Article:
In agreement with all previous posts, I'd like to add a couple of things.
The power of the media is equivalent to the power of the printed word prior to new, sophisticated technologies such as the Internet, smartphones, and others. People -not just youngsters- have always tended to believe that what appears in print is true. This has simply spread to the present means of communication.
This could be counteracted in two ways. On the one hand, schools can use such means in class and guide students to compare and contrast how different media deal with the same item of news. Thus the vested interested and bias of the media would become apparent, and students would learn to read between the lines and listen beyond the words.
On the other hand, if parents took the time to watch TV or visit the Internet with their offspring -I know some do- they could point out to subliminal or underlying purposes that escape very young people. This calls for responsible, informed parents. The danger lies in parents who have, to a certain extent, been "brainwashed" themselves.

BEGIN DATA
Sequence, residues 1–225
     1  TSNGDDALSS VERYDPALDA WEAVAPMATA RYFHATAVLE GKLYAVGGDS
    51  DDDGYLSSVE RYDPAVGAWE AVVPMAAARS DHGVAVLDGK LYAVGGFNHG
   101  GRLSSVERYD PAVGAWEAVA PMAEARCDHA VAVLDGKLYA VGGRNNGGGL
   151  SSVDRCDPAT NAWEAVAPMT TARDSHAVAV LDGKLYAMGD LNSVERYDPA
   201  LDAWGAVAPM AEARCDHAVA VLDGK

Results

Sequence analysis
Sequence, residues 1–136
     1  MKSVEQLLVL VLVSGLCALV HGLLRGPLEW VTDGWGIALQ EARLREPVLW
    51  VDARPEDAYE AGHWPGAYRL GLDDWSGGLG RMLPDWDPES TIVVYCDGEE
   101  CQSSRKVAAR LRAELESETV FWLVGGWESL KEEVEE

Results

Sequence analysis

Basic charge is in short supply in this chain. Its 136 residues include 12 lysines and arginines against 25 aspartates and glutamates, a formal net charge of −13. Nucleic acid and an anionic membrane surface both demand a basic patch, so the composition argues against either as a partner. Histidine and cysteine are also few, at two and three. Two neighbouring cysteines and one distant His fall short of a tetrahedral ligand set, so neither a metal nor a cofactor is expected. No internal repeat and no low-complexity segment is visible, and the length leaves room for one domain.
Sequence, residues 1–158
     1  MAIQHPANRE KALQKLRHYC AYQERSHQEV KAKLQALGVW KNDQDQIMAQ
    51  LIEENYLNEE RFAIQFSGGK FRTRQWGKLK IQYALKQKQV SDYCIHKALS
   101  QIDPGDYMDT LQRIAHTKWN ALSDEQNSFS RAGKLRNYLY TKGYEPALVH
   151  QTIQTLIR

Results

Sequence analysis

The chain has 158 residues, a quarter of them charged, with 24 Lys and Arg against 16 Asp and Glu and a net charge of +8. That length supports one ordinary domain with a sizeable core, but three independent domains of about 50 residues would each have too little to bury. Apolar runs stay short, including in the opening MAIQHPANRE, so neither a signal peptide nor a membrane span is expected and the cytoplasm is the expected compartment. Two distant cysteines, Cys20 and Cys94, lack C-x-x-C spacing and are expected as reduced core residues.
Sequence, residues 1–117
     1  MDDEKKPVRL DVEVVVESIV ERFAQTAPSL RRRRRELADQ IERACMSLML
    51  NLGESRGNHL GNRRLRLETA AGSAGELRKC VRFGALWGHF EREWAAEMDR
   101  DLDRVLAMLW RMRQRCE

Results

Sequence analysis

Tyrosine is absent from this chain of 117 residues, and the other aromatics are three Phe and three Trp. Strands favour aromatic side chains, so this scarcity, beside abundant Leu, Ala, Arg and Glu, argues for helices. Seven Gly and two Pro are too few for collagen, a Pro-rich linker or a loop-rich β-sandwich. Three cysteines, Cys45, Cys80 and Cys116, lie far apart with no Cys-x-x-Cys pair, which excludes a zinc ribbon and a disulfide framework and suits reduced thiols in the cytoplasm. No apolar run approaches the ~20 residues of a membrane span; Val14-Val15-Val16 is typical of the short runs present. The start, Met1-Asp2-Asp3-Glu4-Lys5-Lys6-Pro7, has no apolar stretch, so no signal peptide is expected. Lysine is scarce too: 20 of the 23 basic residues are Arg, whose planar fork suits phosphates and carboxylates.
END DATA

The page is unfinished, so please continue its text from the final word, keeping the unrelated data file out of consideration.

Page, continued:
Parenting does not come to us naturally. Seminars, courses, and group activities conducted by trained professionals can help break a vicious circle. We talk of the media as a distraction. That's the underside. Yet the media can well be turned into educational tools if wisely used.
Regardless of their age, people need encouragement to question and put to the test everything that is not a well-proven scientific truth. Of course, it is much easier to accept media proposals and move on. More emphasis on intellectual honesty and curiosity might yield a completely different picture.